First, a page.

1934: Keasbey and Mattison is sold to the British asbestos manufacturer Turner and Newall.2

1962: Turner and Newall sell the Ambler asbestos plant to Certainteed Corporation and Nicolet Industries.4 The Ambler Boiler House is left vacant.2

1970s: The hazards posed by the asbestos piles in South and West Ambler are realized by Ambler residents and the EPA. The passage of major pieces of federal legislation, including environmental and occupational safety health legislation, begin to place severe pressure on the Ambler asbestos industry4:

1973: Under the passage of the Clean Air Act, the EPA prohibits the sale of asbestos-based insulation spray.2 The EPA begins its remediation of the asbestos waste in the White Mountains piles.2 

1974: Ambler's White Mountains contain 1.5 million cubic yards of asbestos waster spanning over 25 acres of land. One of the Ambler asbestos plants shuts down.2

1975: The EPA outlaws solid asbestos products susceptible to crumbling.2 

1978: Nicolet Industries begins to be charged with cases of bodily injury involving plant workers.2

1986: The White Mountains, renamed the Ambler Asbestos Piles, are placed on the National Priorities List of hazardous waste sites eligible for long-term remediation supported by the federal Superfund program. The asbestos-manufacturing companies pay for removal and capping of contaminated soil, fencing and signage around the site, and erosion and sedimentation control. A dense stand of trees eventually grows on the site.2 

1987: Nicolet files for bankruptcy and stops manufacturing asbestos products after it has been named as a defendant in over 50,000 cases of bodily injury involving asbestos.4 

1993: The EPA completes its remediation of the Ambler Asbestos Piles site.1

1996: The Ambler Asbestos Piles site is removed from the national Superfund list.1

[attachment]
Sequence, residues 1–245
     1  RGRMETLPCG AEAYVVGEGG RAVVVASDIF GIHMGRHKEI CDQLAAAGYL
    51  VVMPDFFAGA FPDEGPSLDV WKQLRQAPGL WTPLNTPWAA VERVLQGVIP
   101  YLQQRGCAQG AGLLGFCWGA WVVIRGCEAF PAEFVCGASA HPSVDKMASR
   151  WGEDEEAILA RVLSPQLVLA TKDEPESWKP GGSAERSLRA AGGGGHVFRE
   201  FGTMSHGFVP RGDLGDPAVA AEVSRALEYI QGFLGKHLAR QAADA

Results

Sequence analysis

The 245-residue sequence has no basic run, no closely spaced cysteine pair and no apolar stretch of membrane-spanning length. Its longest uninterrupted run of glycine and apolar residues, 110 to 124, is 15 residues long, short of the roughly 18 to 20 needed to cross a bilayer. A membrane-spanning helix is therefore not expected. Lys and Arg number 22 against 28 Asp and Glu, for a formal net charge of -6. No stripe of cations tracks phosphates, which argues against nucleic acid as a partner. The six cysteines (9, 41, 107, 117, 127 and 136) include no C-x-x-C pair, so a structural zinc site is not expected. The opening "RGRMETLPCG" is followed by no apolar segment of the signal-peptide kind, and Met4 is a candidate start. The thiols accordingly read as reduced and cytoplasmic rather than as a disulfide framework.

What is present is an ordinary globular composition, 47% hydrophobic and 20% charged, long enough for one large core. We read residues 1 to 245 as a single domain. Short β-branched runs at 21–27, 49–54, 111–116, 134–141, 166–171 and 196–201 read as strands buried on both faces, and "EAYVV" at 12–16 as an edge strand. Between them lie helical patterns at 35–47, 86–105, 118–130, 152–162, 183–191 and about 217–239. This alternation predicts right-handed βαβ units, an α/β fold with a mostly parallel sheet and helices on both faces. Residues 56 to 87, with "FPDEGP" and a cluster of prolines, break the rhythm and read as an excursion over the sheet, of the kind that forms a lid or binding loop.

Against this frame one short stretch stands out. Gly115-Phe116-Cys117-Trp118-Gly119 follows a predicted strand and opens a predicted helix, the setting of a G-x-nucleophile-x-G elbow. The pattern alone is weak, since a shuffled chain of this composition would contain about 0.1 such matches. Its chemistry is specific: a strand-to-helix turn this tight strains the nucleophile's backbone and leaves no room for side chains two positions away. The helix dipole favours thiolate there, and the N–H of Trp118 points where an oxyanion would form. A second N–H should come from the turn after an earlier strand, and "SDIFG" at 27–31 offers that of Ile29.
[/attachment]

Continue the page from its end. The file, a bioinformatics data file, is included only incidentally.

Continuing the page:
2005: Kane Core, the owner of a six-acre plot on the BoRit site,5 proposes to built a 17-story high-rise apartment on the location. The proposal is opposed by a local contingency spearheaded by the Citizens for a Better Ambler Group, which cites concerns about the high-rise's potential to cause traffic congestion and public service strain as well as disturb remaining asbestos waste material. Kane Core abandons the project by the end of the year, but the community's newfound focus on the remaining dangers of asbestos at the BoRit site create a demand for an EPA assessment.2 

2009: the BoRit site is added to the Environmental Protection Agency’s (EPA) National Priorities List as a Superfund site.5

2011: The abandoned Boiler House undergoes remediation and a $16 million renovation. The building is now powered by geothermal energy, roofed with a reflective solar panel system, and provides 97% of its space to various companies and firms for business.2 

2014: The EPA begins work on the BoRit site reservoir, pumping and treating the water to meet state regulations for discharge water. The water is piped into Wissahickon Creek and the reservoir is cleaned before it is refilled.6

2015: The initial cleanup phase (removal phase) of the BoRit superfund site is completed.2  

2016: The removal action plan for the BoRit site, including the reservoir, is expected to be completed. The Wissahickon Waterfowl Preserve pond will be reopened as a habitat for migratory birds and aquatic animals.7




1. Montgomery County Planning Commission. Ambler Borough Open Space Plan. Report. 2006. Accessed March 10, 2016.

2. Reiny, Samson. "Living in the Town Asbestos Built." Chemical Heritage Foundation, Distillations Magazine, Winter 2015. Accessed March 10, 2016.

3. REACH Ambler — Manufacturing Ambler 

4. "Nicolet (Keasbey & Mattison) - History, Superfund Site & Asbestos Litigation." Accessed March 10, 2016.

5. "EPA Superfund Program: BORIT ASBESTOS, AMBLER, PA." United States Environmental Protection Agency Website. Accessed March 10, 2016.

6. "Site Information for BORIT ASBESTOS." United States Environmental Protection Agency Website. Accessed March 10, 2016.

7.  The BoRit Asbestos Superfund Site: A Story of Progress and Promise. Report. January 2016. Accessed March 10, 2016. Insert Final [198434].pdf.